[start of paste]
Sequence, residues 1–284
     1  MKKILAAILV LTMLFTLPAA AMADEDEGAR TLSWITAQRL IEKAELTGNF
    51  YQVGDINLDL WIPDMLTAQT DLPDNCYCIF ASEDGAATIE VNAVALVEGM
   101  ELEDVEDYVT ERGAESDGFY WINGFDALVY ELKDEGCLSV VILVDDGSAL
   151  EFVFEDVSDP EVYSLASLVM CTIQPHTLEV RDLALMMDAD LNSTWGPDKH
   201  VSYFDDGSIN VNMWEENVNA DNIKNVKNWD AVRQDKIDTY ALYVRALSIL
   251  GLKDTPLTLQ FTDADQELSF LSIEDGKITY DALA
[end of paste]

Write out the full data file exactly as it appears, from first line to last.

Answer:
Sequence, residues 1–284
     1  MKKILAAILV LTMLFTLPAA AMADEDEGAR TLSWITAQRL IEKAELTGNF
    51  YQVGDINLDL WIPDMLTAQT DLPDNCYCIF ASEDGAATIE VNAVALVEGM
   101  ELEDVEDYVT ERGAESDGFY WINGFDALVY ELKDEGCLSV VILVDDGSAL
   151  EFVFEDVSDP EVYSLASLVM CTIQPHTLEV RDLALMMDAD LNSTWGPDKH
   201  VSYFDDGSIN VNMWEENVNA DNIKNVKNWD AVRQDKIDTY ALYVRALSIL
   251  GLKDTPLTLQ FTDADQELSF LSIEDGKITY DALA